• Last updated on November 11, 2022

The Supreme Court held that the Fourth Amendment’s freedom from unreasonable searches is binding on the states because it is fundamental to the Fourteenth Amendment’s concept of ordered liberty, but the Court also decided that state courts were not required to use the exclusionary rule.

When Julius Wolf was convicted in state court for practicing illegal abortions, the prosecution used evidence obtained contrary to the provisions of the Fourth Amendment. In a federal trial, such evidence would have been excluded from consideration by the jury, as required in Weeks v. United States[case]Weeks v. United States[Weeks v. United States] (1914). Wolf’s lawyers claimed that the use of the evidence rendered his conviction invalid.Incorporation doctrine;Wolf v. Colorado[Wolf v. Colorado]Exclusionary rule;Wolf v. Colorado[Wolf v. Colorado]

In Wolf, the Supreme Court made two rulings. First, speaking for a unanimous Court, Justice Felix FrankfurterFrankfurter, Felix;Wolf v. Colorado[Wolf v. Colorado] stated that state laws must honor the Fourth Amendment’s “core” right, which is “the security of one’s privacy against arbitrary intrusion by the police.” Second, the justices decided, by a 6-3 margin, that the exclusionary rule was not “an essential ingredient” of the amendment. Frankfurter, speaking for the majority, emphasized that federalism required the Court to use restraint when placing demands on the states. He noted that other common-law countries did not employ the exclusionary rule and that there were other legitimate ways to restrain police misconduct. The dissenters, in contrast, argued that the exclusionary rule was the only effective means of giving “content to the commands of the Fourth Amendment.”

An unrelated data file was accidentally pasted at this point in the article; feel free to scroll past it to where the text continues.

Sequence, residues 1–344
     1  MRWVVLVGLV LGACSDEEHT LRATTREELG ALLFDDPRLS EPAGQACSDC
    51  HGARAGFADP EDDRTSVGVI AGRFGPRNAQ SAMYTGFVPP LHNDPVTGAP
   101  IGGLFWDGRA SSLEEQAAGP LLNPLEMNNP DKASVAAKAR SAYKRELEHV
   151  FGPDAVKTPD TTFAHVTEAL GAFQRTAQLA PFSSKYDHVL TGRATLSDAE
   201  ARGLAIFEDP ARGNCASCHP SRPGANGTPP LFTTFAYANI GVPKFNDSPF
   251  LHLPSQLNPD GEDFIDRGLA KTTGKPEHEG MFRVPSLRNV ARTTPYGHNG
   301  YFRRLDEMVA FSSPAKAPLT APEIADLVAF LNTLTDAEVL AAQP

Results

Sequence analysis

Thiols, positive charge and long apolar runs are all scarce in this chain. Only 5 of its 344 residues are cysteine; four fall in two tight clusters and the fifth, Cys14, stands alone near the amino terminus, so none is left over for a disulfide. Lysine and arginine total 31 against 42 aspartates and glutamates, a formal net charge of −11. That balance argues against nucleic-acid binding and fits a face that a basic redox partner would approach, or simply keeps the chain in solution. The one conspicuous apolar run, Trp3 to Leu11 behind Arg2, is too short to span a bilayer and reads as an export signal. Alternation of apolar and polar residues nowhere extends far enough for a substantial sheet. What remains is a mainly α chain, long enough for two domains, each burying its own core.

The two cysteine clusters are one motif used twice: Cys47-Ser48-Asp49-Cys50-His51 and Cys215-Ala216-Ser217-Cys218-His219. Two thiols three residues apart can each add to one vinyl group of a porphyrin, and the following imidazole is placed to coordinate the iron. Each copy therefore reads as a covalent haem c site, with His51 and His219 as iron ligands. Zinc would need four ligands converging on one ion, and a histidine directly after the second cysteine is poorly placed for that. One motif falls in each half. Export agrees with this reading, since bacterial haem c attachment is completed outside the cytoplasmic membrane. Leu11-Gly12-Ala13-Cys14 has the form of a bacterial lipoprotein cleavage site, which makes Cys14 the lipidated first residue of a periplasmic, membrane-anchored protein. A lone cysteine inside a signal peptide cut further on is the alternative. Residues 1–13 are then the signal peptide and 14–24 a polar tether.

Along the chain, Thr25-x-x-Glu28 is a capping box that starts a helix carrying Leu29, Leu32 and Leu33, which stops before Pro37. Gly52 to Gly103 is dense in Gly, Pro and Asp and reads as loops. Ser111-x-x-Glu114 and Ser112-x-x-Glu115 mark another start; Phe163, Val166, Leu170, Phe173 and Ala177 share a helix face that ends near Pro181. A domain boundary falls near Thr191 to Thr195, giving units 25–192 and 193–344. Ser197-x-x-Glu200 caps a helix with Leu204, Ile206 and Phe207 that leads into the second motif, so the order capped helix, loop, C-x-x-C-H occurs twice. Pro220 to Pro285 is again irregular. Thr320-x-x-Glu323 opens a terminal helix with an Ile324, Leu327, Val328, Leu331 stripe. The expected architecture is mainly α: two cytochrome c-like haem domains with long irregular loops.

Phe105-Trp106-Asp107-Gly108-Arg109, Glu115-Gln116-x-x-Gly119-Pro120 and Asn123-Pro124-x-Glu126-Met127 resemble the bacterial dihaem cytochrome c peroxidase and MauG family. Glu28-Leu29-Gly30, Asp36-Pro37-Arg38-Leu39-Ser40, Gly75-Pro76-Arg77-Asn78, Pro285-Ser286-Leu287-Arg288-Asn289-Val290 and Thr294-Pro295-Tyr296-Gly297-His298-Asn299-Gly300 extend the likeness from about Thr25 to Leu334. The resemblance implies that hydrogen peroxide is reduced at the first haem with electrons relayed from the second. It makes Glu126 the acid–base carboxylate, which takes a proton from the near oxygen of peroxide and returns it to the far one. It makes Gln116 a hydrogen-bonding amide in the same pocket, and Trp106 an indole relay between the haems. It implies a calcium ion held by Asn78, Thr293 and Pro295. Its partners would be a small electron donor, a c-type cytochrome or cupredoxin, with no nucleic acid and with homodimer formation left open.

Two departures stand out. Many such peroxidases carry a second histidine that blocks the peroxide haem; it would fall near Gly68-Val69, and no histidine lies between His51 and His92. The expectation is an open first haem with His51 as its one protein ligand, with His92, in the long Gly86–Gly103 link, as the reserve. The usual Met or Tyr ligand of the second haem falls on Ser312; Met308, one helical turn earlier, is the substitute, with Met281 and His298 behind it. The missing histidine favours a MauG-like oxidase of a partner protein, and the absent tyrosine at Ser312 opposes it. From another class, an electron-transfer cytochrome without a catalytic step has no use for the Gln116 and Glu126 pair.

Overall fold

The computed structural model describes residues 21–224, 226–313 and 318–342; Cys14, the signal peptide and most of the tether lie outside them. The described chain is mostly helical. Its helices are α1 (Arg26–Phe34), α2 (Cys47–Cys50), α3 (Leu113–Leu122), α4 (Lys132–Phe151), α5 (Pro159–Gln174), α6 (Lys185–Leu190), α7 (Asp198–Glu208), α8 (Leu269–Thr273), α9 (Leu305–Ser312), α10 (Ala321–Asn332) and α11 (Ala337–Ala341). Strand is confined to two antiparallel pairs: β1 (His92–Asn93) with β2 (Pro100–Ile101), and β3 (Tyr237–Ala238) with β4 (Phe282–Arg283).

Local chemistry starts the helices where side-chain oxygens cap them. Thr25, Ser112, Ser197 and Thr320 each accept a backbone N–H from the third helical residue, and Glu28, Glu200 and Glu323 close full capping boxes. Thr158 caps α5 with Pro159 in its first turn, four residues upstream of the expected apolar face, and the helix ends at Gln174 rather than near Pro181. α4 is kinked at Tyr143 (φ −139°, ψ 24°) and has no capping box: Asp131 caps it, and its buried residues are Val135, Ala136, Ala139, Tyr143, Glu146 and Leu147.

The Wolf decision gave rise to the silver platter doctrine, which often allowed federal and state prosecutors to share illegally obtained evidence for the purpose of using it in a criminal trial. The Court ended this practice in Elkins v. United States[case]Elkins v. United States[Elkins v. United States] (1960) and accepted the position of the Wolf dissenters in Mapp v. Ohio[case]Mapp v. Ohio[Mapp v. Ohio] (1961).

Exclusionary rule

Incorporation doctrine

Mapp v. Ohio

Privacy, right to

Silver platter doctrine

Weeks v. United States

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